Involvement in community and professional groups has been important to McLoughlin since starting her career.
“I was very serious about my career so it just made sense to me to join professional organizations where I could become involved in professional development, board work and networking,” she explained. “Then a colleague of mine was on the board of the Detroit Institute of Arts and he suggested that I get involved, which I did.
“Then, when our family moved to Grand Rapids, a client of mine asked if I would do some work for the Grand Rapids Art Museum — to write a marketing plan for them, actually. I was very excited about the opportunity and agreed. Soon after that I was asked to join the board. It was also at that time that I began volunteering at the YWCA, and soon they, too, asked if I would join their board, which I did.”
Her involvement with nonprofit boards has caused her to expand the services she offers to include fundraising.
“Because I had worked so long with nonprofit organizations on a volunteer basis, specifically the GRAM and YWCA of Western and Central Michigan, I was asked to get involved with all their fundraising. I did it as a volunteer, but I loved it. I really enjoyed it. Most people don’t but I really did. I was so passionate about their mission and what they did and what great value they provided to the community that I was very happy to talk to people about that and to ask people if they would like to support it.”
When one of McLoughlin’s clients was seeking fundraising help and the firm it was about to hire dropped out, the client asked her to take on the job.
She has now been offering fundraising services for more than 10 years.
“What I have found is that most people are flattered to be asked for money. They are. Most people do donate to organizations that they feel strongly about. … I think once you have matched a particular donor to an organization that they feel connected to, you’ve done a good thing. You’ve done a good thing for the organization as well as the donor.”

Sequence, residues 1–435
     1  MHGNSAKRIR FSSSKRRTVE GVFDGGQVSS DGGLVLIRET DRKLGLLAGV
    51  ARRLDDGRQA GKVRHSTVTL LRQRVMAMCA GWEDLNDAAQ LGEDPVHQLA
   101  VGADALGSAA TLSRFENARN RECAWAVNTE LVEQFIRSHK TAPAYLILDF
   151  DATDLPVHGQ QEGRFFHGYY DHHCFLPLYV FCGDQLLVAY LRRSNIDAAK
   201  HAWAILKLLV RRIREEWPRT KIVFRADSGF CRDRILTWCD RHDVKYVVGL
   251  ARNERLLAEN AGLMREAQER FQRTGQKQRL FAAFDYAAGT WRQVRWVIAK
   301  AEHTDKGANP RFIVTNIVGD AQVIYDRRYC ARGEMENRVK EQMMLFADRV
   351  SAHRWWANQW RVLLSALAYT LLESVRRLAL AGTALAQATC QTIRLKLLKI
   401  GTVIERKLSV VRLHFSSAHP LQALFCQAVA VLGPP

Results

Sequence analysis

It’s not surprising that in the 20 years of owning her own firm, McLoughlin said the biggest change she has seen is the introduction of social media.
“That is huge. It opens up a whole new avenue and way to promote clients and influence audiences and to educate people about services and your products.”
Additionally, she said outsourcing needs for businesses have changed.
“When I worked at the Williams Group, their big client was Steelcase,” she explained. “So everyone who worked at Williams Group, even if Steelcase wasn’t their sole focus, it was a huge client and all of us at some point or another worked with them.
“Steelcase has downsized quite a bit since then, and I use them as an example, but it’s certainly not the only example. Major corporations throughout West Michigan have changed the way they do business, and lots of organizations are bringing some of the things that they would farm out to agencies in-house. They are not as willing to hire out for everything.”
That’s one of the reasons McLoughlin thinks her firm is well positioned to compete with larger agencies.
“I can staff up and I do. I have had large projects where I’ve had to hire as many as eight to 10 people to help see me through. … I’ve made strong connections with a number of people who have the skill sets that I need and I bring them in.”
McLoughlin said while some of her friends are looking at retirement, she doesn’t see that in her near future.
“I love the diversity of my work … and it is something that keeps every day fresh and challenging.”